TJFF: The Hilltops

The Hilltops

Directed by Igal Hecht

2011, Canada, 45 mins.

There are few hard and fast rules when it comes to film. Usually when a film feels longer than it is, it’s a bad thing. In the case of The Hilltops, it’s not. The film’s forty-five minute runtime belies the sheer weight of substance crammed into it. Of course, a documentary about Jewish settlers in the West Bank is bound to be fraught with visceral conflict that many find overbearing. What is so impressive about this film is how relentlessly director Igal Hecht pursues his subject. He stays on point, at issue, and the result is a film that punches far above its weight.

The film consists mostly scenes of hilltop settlements at different stages of existence – sparse open tents to more developed concrete cul-de-sacs – and interviews with Israeli professors, politicians, and the settlers themselves. ‘Interview’ is probably too strong a word here, as Hecht is content to let his subjects speak for themselves and we hear very little from the man himself. However, this is not to say that he is shy. He is willing to press and challenge his subjects, but he does so sparingly and only when necessary – say, when he needs a settler to clarify remarks or when someone is using a euphemism. We learn very little about what Hecht thinks of the hilltop settlements because he remains out of focus and instead presents us with the Jewish settlers, in their own words.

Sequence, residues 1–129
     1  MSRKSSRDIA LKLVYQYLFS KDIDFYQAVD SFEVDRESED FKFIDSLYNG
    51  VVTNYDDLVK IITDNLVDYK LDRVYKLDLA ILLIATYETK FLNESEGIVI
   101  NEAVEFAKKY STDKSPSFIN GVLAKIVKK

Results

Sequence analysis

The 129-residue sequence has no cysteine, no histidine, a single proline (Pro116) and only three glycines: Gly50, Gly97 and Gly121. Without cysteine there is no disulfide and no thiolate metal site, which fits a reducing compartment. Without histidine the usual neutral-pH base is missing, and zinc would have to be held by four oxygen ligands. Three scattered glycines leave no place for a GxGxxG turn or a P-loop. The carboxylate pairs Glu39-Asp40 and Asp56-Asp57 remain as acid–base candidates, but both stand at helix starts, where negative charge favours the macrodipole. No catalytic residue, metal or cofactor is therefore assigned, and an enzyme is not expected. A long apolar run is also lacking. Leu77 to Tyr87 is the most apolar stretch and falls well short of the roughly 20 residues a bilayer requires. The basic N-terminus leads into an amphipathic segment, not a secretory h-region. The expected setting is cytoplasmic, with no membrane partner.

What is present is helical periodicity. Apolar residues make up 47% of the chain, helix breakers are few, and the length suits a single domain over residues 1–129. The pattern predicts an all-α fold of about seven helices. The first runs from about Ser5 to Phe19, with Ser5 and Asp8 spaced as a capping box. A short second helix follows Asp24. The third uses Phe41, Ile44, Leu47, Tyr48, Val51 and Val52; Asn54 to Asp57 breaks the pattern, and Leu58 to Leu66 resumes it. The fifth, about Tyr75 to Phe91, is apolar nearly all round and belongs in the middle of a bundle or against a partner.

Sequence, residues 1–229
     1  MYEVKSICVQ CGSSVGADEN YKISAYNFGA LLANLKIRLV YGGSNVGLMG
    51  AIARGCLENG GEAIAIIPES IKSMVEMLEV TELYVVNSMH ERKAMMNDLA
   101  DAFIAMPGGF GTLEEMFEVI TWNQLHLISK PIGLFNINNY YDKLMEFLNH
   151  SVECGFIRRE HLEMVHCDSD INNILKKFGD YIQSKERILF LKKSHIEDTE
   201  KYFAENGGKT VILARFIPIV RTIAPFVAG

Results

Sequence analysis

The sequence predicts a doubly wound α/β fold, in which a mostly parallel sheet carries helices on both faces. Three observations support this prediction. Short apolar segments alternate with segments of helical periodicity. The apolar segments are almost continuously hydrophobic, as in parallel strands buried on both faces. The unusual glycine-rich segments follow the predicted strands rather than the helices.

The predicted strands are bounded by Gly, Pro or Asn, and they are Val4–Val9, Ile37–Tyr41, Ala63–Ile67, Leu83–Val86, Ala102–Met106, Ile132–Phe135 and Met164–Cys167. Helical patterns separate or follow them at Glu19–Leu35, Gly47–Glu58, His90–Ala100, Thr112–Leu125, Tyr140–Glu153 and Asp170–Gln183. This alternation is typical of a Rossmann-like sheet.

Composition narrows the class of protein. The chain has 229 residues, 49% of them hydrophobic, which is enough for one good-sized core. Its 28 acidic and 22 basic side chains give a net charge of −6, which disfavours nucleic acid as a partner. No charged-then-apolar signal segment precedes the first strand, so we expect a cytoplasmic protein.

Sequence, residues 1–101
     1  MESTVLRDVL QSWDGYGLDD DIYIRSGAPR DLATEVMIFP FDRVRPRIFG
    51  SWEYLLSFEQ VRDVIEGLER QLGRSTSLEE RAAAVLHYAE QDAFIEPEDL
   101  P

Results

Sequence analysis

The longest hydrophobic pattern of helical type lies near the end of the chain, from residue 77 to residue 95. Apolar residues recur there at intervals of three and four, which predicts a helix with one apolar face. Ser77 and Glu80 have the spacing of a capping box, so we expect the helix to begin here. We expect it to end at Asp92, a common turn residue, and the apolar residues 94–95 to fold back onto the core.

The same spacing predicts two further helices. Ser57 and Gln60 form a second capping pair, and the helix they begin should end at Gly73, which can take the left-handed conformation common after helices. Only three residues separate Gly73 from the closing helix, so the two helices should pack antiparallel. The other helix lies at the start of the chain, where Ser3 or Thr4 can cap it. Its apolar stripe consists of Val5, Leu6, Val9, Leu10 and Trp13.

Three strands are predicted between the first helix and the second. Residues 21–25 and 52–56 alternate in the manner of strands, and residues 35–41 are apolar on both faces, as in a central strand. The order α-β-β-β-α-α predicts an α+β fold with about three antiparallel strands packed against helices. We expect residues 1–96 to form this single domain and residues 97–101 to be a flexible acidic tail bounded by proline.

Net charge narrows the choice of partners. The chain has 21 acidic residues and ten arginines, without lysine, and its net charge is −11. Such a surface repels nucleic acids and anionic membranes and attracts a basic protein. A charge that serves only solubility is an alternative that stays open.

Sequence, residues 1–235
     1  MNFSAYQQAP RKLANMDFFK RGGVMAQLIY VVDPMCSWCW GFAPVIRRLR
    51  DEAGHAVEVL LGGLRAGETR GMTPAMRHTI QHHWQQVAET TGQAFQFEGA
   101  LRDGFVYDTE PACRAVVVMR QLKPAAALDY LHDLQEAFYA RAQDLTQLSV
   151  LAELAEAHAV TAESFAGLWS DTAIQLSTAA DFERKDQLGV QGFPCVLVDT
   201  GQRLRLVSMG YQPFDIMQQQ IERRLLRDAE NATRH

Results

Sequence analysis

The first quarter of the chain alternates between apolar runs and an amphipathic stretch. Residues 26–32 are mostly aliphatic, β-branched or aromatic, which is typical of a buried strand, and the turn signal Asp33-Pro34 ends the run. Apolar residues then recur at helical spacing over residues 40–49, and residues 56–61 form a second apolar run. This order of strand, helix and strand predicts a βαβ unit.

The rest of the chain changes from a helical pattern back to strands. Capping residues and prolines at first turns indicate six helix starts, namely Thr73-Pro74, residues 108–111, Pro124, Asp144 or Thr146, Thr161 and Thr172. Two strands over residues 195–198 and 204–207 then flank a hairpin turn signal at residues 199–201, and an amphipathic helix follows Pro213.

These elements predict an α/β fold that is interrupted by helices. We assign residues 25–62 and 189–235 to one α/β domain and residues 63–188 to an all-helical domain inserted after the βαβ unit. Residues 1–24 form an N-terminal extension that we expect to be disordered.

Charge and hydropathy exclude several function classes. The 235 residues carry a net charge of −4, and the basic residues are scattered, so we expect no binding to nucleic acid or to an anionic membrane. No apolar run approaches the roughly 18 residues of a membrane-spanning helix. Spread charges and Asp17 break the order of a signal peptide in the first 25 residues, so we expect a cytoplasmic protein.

I appreciate that Hecht avoids editorializing, especially because so much media respecting Israel is nothing but editorializing – American cable news in particular. The reality is that there are radically different perspectives respecting settlements in the West Bank and Hecht is giving the settlers a chance to make their own case in their own words – but he leaves the conclusions to us.

–       Dave Robson

Toronto Jewish Film Festival is playing from May 7th through May 15th. Tickets may be purchased online, by phone, or in person. More information is available on their website.

In addition to playing at Toronto Jewish Film Festival, The Hilltops will also be playing at Hot Docs.

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